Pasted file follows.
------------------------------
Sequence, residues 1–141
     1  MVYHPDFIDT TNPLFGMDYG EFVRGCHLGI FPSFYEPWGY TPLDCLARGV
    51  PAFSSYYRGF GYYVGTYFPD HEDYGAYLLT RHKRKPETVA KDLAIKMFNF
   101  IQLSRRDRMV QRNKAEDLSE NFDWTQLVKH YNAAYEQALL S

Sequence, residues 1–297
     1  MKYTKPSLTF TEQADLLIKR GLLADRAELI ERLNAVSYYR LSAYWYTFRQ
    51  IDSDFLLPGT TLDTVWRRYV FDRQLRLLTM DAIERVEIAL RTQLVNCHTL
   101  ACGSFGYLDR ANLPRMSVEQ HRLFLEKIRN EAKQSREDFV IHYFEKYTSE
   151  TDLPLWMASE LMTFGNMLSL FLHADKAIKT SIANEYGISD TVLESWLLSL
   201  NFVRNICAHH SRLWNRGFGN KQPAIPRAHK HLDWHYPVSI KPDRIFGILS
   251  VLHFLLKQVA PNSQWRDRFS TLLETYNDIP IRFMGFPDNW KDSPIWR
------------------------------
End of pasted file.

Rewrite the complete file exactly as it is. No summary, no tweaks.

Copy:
Sequence, residues 1–141
     1  MVYHPDFIDT TNPLFGMDYG EFVRGCHLGI FPSFYEPWGY TPLDCLARGV
    51  PAFSSYYRGF GYYVGTYFPD HEDYGAYLLT RHKRKPETVA KDLAIKMFNF
   101  IQLSRRDRMV QRNKAEDLSE NFDWTQLVKH YNAAYEQALL S

Sequence, residues 1–297
     1  MKYTKPSLTF TEQADLLIKR GLLADRAELI ERLNAVSYYR LSAYWYTFRQ
    51  IDSDFLLPGT TLDTVWRRYV FDRQLRLLTM DAIERVEIAL RTQLVNCHTL
   101  ACGSFGYLDR ANLPRMSVEQ HRLFLEKIRN EAKQSREDFV IHYFEKYTSE
   151  TDLPLWMASE LMTFGNMLSL FLHADKAIKT SIANEYGISD TVLESWLLSL
   201  NFVRNICAHH SRLWNRGFGN KQPAIPRAHK HLDWHYPVSI KPDRIFGILS
   251  VLHFLLKQVA PNSQWRDRFS TLLETYNDIP IRFMGFPDNW KDSPIWR